- Upper respiratory infections can be caused by viruses, bacteria, or other microscopic organisms.
- The common cold is the most common upper respiratory tract infection.
- More than 200 different viruses can cause colds.
- The CDC now recommends that everyone over the age of 6 months receive the flu vaccine every year. The only exceptions are for those allergic to the vaccine
- Two types of flu vaccine are available: a killed vaccine, given as an injection, and a live vaccine given as a nasal spray.
- As of August 2010, the World Health Organization declared the H1N1 pandemic over.
- H1N1 (the “swine flu”) is still circulating as one of the flu strains in the 2010 - 2011 flu season.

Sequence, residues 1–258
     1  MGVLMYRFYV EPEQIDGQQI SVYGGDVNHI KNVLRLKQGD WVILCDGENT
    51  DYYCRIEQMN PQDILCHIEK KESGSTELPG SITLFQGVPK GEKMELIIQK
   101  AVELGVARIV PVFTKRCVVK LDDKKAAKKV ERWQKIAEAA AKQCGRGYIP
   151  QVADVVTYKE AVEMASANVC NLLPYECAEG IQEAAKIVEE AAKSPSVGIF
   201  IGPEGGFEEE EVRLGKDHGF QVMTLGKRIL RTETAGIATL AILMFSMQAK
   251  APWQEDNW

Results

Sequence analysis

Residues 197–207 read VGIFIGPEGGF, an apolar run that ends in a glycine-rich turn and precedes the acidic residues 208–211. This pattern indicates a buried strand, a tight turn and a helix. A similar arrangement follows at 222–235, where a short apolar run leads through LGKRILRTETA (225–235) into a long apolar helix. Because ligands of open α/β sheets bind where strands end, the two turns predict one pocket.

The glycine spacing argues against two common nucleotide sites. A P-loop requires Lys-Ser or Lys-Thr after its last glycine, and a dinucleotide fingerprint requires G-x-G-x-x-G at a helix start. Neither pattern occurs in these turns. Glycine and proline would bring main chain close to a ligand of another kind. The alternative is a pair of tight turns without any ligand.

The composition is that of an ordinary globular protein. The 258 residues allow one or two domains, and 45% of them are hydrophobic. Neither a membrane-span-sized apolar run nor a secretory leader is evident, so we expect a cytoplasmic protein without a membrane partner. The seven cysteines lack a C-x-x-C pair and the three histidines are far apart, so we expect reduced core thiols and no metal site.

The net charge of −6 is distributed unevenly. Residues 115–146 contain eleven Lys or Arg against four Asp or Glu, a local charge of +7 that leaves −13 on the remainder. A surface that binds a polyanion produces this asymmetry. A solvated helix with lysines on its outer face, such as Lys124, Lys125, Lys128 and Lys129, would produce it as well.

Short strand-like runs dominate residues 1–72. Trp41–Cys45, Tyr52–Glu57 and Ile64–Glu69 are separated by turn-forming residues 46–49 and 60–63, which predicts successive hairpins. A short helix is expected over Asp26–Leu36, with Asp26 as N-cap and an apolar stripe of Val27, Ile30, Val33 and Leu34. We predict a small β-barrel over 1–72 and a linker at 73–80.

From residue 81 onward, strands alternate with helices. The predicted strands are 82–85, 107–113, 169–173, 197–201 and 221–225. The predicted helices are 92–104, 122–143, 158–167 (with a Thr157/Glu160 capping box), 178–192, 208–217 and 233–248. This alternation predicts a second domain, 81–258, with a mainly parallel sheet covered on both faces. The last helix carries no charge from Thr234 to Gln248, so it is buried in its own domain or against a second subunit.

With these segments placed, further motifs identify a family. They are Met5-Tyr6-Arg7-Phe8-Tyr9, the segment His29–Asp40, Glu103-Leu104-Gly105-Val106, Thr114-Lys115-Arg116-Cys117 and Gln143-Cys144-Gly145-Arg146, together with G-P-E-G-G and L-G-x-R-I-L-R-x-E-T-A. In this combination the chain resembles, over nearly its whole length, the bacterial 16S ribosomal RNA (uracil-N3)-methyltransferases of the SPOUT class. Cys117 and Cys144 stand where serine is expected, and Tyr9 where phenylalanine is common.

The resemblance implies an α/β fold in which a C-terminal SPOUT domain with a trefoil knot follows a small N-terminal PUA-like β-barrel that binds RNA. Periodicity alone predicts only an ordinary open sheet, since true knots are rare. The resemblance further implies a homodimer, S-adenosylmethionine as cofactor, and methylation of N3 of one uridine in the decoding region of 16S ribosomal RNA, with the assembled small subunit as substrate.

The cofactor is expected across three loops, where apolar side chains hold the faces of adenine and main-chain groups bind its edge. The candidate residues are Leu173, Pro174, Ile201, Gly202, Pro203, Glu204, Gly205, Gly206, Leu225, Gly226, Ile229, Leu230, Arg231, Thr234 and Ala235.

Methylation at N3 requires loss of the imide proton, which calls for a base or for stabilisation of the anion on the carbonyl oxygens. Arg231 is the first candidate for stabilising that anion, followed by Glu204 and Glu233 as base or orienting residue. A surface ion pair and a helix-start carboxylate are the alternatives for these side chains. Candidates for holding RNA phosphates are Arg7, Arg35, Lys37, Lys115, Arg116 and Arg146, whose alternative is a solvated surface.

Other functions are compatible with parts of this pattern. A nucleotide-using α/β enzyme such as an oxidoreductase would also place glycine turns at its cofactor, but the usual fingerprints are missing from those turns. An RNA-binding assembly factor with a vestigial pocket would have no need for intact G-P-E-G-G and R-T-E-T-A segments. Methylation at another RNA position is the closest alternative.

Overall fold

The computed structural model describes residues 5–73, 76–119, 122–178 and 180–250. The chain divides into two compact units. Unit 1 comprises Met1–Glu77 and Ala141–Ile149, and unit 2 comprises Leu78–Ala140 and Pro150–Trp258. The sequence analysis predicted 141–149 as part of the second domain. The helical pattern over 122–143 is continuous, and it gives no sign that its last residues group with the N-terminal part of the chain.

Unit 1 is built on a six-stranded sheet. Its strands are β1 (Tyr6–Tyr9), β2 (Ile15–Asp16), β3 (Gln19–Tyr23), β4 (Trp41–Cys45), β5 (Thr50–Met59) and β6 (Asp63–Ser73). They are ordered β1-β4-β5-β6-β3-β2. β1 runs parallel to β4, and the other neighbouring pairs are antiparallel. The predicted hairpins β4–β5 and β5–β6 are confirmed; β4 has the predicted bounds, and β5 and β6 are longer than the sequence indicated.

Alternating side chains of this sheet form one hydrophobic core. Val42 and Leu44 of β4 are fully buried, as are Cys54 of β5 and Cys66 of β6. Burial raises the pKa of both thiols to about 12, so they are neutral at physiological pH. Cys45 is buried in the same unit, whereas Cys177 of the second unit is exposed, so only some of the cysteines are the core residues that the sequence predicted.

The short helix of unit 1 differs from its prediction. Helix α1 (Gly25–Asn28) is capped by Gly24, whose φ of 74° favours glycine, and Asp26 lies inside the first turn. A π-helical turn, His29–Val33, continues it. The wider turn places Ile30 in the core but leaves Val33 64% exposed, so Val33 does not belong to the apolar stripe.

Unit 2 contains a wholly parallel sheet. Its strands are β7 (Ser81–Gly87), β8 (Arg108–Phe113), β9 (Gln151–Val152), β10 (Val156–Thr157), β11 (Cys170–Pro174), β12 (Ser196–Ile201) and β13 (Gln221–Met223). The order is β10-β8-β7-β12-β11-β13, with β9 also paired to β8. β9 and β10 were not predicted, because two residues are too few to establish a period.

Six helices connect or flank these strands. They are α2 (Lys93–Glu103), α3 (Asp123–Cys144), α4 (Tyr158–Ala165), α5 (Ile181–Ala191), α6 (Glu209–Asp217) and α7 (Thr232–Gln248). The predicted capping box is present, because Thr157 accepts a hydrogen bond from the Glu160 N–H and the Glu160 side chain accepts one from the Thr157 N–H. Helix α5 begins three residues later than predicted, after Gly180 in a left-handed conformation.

- The seasonal flu vaccine given during the 2010 - 2011 flu season also provides protection against H1N1.
Cold and Flu Treatments:
- Many people take medications to reduce mild pain and fever. Adults most often choose aspirin, ibuprofen (Advil), or acetaminophen (Tylenol). Children should not take aspirin.
- A nasal wash can be helpful for removing mucus from the nose.
- Dozens of remedies are available that combine ingredients aimed at more than one cold or flu symptom. In general, they do no harm, but they have the following problems:
- Some ingredients may produce side effects without even helping a cold.
- In some cases, the ingredients conflict (such as a cough expectorant and a cough suppressant).
- In other cases, a patient may wish to increase the dosage to improve one symptom, which serves to increase other ingredients that do no good and, in higher doses, may cause side effects.
Review Date: 01/29/2011
Reviewed By: Harvey Simon, MD, Editor-in-Chief, Associate Professor of Medicine, Harvard Medical School; Physician, Massachusetts General Hospital. Also reviewed by David Zieve, MD, MHA, Medical Director, A.D.A.M., Inc.